Norman Ramsey
+2  A: 

If you have 128k of memory for your hobby programming, Forth is a fun choice.

If you want a small simple framework and you like electronics, you could try the Arduino. You can develop on Windows, and run on the arduino. There are several nice Arduino kits for $50 or so.

+3  A: 

Scheme is as simple as you can get! And more than powerful enough.

+4  A: 

As you explicitly stated to look for something different:

I recommend Scheme or Smalltalk (or Squeak). These are old, mature, stable and proven languages which give insight into how easy live could be. They avoid many of the pitfalls, which cost time and nerve (pointer bugs, memory allocation trouble, casting, ...). Things like higher order functions, continuations, closures etc. are pure fun to use and now even find their way into mainstream languages (Seaside web framework). These languages have had that stuff for a long time, and still demonstrate a pure and clean solution.

Smalltalk had and still has one of the best integrated IDE ever - and its really integrated, making your app a part of the system and not something which is manipulated by it !

Many of the modern patterns and movements come from the Lisp and/or Smalltalk community: garbage collection, unit-testing, extreme programming, byte-code VMs, Just-in-time compilation, meta-class-protocols, IDEs, window systems, refactoring, ...

Even if you cannot use those for work, the insight, understanding and inspiration you get is worth it - also for your work in other - more traditional - languages. You will not have to learn syntax with either of them. Instead, the pure semantics is expressed in their function- or class-libraries respectively. In Squeak, for example, everything is visible from the lowest level VM-implementation up to the GUI, process scheduler and Browser. And all written in one language and easy to understand.

+1  A: 

For hobby projects, you can benefit tremendously if you built on Open Source code. So make your project Open Source too, or at least choose among languages with strong Open Source communities.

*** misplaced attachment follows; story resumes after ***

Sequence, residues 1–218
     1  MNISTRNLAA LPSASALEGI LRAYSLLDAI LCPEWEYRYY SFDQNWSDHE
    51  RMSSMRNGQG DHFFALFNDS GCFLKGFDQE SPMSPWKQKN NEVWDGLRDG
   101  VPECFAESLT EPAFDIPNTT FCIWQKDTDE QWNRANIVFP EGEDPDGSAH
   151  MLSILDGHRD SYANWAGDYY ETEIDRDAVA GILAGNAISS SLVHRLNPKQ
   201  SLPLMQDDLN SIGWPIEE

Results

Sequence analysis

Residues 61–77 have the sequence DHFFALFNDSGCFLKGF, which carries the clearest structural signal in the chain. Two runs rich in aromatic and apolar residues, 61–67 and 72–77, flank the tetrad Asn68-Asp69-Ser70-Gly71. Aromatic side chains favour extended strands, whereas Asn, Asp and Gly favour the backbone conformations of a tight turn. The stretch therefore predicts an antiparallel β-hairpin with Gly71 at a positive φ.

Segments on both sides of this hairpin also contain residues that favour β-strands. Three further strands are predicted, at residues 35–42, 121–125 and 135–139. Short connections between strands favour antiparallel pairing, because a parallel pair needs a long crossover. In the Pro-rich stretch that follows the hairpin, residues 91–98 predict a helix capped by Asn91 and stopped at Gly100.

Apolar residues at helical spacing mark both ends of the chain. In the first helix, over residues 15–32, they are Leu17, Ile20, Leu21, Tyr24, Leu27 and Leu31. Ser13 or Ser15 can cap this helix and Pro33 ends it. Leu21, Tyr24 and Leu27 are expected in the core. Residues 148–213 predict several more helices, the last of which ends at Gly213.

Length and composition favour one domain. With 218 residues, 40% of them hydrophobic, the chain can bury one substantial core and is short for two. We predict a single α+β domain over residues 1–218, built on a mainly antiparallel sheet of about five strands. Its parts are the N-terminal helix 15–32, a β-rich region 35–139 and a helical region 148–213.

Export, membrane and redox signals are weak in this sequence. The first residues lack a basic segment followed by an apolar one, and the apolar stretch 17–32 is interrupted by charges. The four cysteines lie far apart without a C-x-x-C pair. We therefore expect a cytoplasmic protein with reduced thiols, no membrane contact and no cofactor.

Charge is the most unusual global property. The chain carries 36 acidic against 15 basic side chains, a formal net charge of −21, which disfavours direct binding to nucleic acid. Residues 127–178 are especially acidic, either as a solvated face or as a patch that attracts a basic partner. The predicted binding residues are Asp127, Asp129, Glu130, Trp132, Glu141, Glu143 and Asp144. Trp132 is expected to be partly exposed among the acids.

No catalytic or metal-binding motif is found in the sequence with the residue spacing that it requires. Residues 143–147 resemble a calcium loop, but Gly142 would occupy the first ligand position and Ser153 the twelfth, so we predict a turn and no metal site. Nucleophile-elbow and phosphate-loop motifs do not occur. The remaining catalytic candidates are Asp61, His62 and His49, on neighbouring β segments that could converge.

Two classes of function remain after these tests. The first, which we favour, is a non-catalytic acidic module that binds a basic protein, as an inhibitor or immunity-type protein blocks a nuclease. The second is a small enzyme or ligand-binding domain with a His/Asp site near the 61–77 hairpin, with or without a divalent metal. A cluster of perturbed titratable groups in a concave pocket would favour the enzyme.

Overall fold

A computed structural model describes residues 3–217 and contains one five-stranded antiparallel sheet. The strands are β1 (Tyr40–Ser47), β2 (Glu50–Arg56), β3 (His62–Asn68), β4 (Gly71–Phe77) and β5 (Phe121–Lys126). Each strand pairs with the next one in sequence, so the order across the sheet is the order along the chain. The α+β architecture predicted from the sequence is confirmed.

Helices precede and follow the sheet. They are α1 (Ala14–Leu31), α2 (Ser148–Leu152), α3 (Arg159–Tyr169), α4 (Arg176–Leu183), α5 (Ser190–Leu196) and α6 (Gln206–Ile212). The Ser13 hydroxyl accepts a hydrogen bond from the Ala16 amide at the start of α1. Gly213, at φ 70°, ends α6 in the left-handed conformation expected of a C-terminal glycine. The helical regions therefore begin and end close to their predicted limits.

My choice is Python. I tried Ruby too, but Python has a richer set of libraries. These languages really boost the productivity.

Tcl and Lua and very lightweight scripting languages. PHP is used a lot on the web. Perl is powerful but messy. Groovy is following the trend in the Java camp. I never liked Java or C++ a lot, but I would choose Java over C# (now OpenJDK is Open Source). C is more beatiful than C++ (but C++ has its strength). D pretends to be a better C++.

Now I spend some free time studying Haskell, and I find it eye-opening. Like learning programming anew.

Remember, your hobby projects are “just for fun”. And the language is part of the fun. Choose the one you really like.

+1  A: 

For hobby projects in Windows, I use Jeremy Gordon's Go Tools for Win32 and Win64 (assembler, resource compiler and linker)


I like to get close to the Windows API. With GoAsm, it is easy and interesting.

+1  A: 

DON'T go Python. It's dynamically typed, you will get brain - cramps after a while, because nothing is what it seems to be, etc... it's almost as bad as this "Javascript".

Try F#... it's something new, it's a very interesting paradigm (functional!), it is fun to learn and to use and you will also become a much better C# - developer quickly, because you will start to incorporate more and more functional stuff.

Turing Complete